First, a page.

Manuscripts should be submitted online at by registering and logging in to this website. Once you are registered, click here to go to the submission form. Manuscripts can be submitted until the deadline. All submissions that pass pre-check are peer-reviewed. Accepted papers will be published continuously in the journal (as soon as accepted) and will be listed together on the special issue website. Research articles, review articles as well as short communications are invited. For planned papers, a title and short abstract (about 100 words) can be sent to the Editorial Office for announcement on this website.

Submitted manuscripts should not have been published previously, nor be under consideration for publication elsewhere (except conference proceedings papers). All manuscripts are thoroughly refereed through a single-blind peer-review process. A guide for authors and other relevant information for submission of manuscripts is available on the Instructions for Authors page. Journal of Marine Science and Engineering is an international peer-reviewed open access monthly journal published by MDPI.

Please visit the Instructions for Authors page before submitting a manuscript. The Article Processing Charge (APC) for publication in this open access journal is 2600 CHF (Swiss Francs). Submitted papers should be well formatted and use good English. Authors may use MDPI's English editing service prior to publication or during author revisions.


  • Storm surge
  • Tropical cyclones
  • Hurricanes
  • Flood risk
  • Waves
  • Coastal flooding
  • Erosion process
  • Sea defences
  • Coastal resiliency
  • Mathematical modeling
  • Computational efficiency
  • Coastal hazard mitigation
  • Nature-based solutions
  • Sea level rise
  • Climate change

Published Papers (1 paper)

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15 pages, 11487 KiB  
Storm Surge Inundation Analysis with Consideration of Building Shape and Layout at Ise Bay by Maximum Potential Typhoon
by Masaki Nimura, Shuzo Nishida, Koji Kawasaki, Tomokazu Murakami and Shinya Shimokawa
J. Mar. Sci. Eng. 2020, 8(12), 1024; - 15 Dec 2020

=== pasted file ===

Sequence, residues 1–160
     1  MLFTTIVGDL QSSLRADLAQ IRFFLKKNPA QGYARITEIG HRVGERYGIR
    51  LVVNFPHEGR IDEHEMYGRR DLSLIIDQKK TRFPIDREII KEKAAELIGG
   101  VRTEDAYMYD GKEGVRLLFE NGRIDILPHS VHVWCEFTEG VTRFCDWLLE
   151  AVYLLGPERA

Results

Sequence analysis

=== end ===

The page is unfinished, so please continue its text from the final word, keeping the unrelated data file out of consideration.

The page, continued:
Viewed by 2120
Global warming is feared to cause sea-level rise and intensification of typhoons, and these changes will lead to an increase in storm surge levels. For that reason, it is essential to predict the inundation areas for the maximum potential typhoon and evaluate the [...] Read more.
Global warming is feared to cause sea-level rise and intensification of typhoons, and these changes will lead to an increase in storm surge levels. For that reason, it is essential to predict the inundation areas for the maximum potential typhoon and evaluate the disaster mitigation effect of seawalls. In this study, we analyzed storm surge inundation of the inner part of Ise Bay (coast of Aichi and Mie Prefecture, Japan) due to the maximum potential typhoon in the future climate with global warming. In the analysis, a high-resolution topographical model was constructed considering buildings’ shape and arrangement and investigated the inundation process inside the seawall in detail. The results showed that buildings strongly influence the storm surge inundation process inside the seawall, and a high-velocity current is generated in some areas. It is also found that closing the seawall door delays the inundation inside the seawall, but the evacuation after inundation is more difficult under the seawall doors closed condition than opened condition when the high tide level exceeds the seawall. Full article
(This article belongs to the Special Issue Storm Surge Hazards Evaluation and Prediction)